Globally, the majority of those who need mental health care worldwide lack access to high-quality mental health services. Stigma, human resource shortages, fragmented service delivery models, and lack of research capacity for implementation and policy change contribute to the current mental health treatment gap13. While studying this aspect due consideration may be given to family dynamics to include the modifying effect of other family members14.

Avoidance, discord, fearful withdrawal and sexual withdrawal were the most common coping components identified among wives of alcoholics15,17. The nature of coping behavior of them depends on the personality, degree of duration of her husband's alcoholism and duration of marriage. Jones A. Jackson et al. (1954) (27) first propounded the 'stress model’16. The coping mechanisms characteristic of alcoholic women relative to their nonalcoholic controls. The profile of coping strategies utilized by the alcoholic group is consistent with a poor quality of life and compounding of problems17. Alcoholism affect emotionally, physically, socially and psychologically. Spouses feel difficult to manage her married life and feel stress18. Engaged coping is a form of coping in which the wife of alcoholic gets vigorously engaged with an alcoholic husband through active interaction may be arguing with them to try them to stop, throwing away their drinks, telling the user that their behavior was having a negative effect on them. The withdrawal coping involves avoidance of the drinker, active involvement in other self-regulating activities and gaining independence. Tolerant coping is inactive coping by putting up with the problem19. A coping mechanism is something that helps a person deal with something that is difficult for them. While, all coping mechanisms provide the person using them with a real or perceived benefit, some coping mechanisms have more negative consequences associated with them20.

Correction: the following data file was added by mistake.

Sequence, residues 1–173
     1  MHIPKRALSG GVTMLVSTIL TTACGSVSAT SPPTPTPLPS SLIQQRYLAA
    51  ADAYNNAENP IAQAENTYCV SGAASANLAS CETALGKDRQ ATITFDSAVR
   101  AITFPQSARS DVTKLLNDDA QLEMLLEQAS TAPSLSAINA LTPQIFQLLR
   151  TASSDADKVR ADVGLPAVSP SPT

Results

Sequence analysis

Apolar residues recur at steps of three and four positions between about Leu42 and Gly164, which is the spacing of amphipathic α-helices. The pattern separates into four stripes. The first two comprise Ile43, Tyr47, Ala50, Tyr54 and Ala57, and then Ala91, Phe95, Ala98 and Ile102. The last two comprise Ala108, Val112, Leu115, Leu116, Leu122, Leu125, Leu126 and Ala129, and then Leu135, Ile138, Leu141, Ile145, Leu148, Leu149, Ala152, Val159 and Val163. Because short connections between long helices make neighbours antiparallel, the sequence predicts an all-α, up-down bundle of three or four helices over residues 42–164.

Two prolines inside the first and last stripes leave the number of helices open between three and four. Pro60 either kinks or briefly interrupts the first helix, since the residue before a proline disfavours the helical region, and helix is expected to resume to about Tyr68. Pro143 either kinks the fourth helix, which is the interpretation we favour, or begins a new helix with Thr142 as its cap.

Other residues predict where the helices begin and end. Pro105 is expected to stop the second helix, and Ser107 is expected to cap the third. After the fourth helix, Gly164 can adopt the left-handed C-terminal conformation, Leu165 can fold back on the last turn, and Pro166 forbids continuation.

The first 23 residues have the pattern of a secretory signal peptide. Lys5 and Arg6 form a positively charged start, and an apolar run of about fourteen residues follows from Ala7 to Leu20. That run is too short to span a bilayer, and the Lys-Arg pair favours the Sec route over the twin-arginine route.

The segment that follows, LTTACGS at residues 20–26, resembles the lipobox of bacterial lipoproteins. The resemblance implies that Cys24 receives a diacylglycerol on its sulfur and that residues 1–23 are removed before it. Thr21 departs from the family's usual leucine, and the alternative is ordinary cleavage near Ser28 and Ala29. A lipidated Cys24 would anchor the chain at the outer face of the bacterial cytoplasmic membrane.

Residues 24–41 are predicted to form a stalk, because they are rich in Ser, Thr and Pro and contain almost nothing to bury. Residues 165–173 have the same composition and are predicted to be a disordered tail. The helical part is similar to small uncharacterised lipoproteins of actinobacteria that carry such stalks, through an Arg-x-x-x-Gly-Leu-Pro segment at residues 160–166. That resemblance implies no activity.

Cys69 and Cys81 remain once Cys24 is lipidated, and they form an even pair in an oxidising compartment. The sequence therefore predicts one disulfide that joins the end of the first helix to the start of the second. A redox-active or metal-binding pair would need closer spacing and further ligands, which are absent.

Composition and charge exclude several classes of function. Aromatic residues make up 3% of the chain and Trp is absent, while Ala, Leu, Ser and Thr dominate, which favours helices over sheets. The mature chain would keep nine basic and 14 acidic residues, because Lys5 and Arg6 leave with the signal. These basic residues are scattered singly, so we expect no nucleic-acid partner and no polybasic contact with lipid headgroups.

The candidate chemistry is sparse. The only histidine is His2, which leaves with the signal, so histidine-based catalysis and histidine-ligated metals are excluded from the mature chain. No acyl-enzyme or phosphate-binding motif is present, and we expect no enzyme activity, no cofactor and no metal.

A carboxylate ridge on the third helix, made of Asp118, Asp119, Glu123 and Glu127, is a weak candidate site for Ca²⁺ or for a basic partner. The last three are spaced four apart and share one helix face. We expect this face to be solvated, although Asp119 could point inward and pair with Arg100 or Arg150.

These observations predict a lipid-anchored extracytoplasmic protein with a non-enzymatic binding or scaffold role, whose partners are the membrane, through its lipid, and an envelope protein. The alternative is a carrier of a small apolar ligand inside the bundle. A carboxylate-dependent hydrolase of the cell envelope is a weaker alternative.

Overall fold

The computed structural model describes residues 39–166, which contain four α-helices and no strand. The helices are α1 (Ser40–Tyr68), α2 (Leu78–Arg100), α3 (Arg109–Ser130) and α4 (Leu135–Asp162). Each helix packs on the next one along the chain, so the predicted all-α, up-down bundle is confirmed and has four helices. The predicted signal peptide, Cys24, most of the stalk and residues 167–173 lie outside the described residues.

The current study aims to research the coping strategies among spouses of alcoholics in a small population in a municipality of Gokarna TM, Kathmandu, Nepal.

Research design: Descriptive, exploratory and cross sectional design

Area of study: Ward no.4, Gokarneswor- Municipality, Kathmandu, Nepal.

Study population: Spouses of alcohol dependents residing in their own house. Step-1:visiting each household. Step-2 : identification of alcohol dependents using cage questionnaire. The questions include Yes and No response. Each Yes response scores 1 and No scores 0.Two yes response will be considered alcohol dependent /abuse.Step-3:interview.

Sampling technique: Convenience sampling technique was used followed by cage questionnaire.

Sample size:173 Spouses

n=required sample size

Z=confidence level at 95%(standard value is 1.96)

P=prevalence of alcohol dependent

q=67

d=allowable error

Jmhc-19-1186-Fig1

 

 

• Dependent variables: Coping strategies

• Independent variables: Age19, gender, education, occupation, socio-economic status, religion, family income, type of family, duration of marital life, no of children, duration of spouses alcoholism.

• Inclusion criteria : Wives of alcoholics . Who are willing to participate.

• Exclusion criteria: Wives whose husbands had poly substance abuse other than alcohol and nicotine.

• Research instrument (Tools):

a. Demographic information

b. Modified tools of standard Coping questionnaire.

Step-1:visiting each household. Step-2: identification of alcoholics using cage questionnaire25-29. Step-3:interview. Modified tools of standard Coping questionnaire developed by Orford, J., Templeton, L., Velleman, R. and Copello, A. (2005). Modified version of coping questionnaire include 21 items. Each item scores as No=0, once/twice=1, sometimes=2, Often=3.I choosed this item in context to Nepal. Pre-testing was done in the similar setting and it was reliable. First coping level was identified from overall questionnaire as: well coping, average coping and poor coping. Therefore, chi-square test was used to see the relationship of coping level with independent variables. Then, mean for each subscale of coping was calculated as an average score from total score obtained by the participants in each subscale that is engaged coping, tolerant coping and withdrawal coping.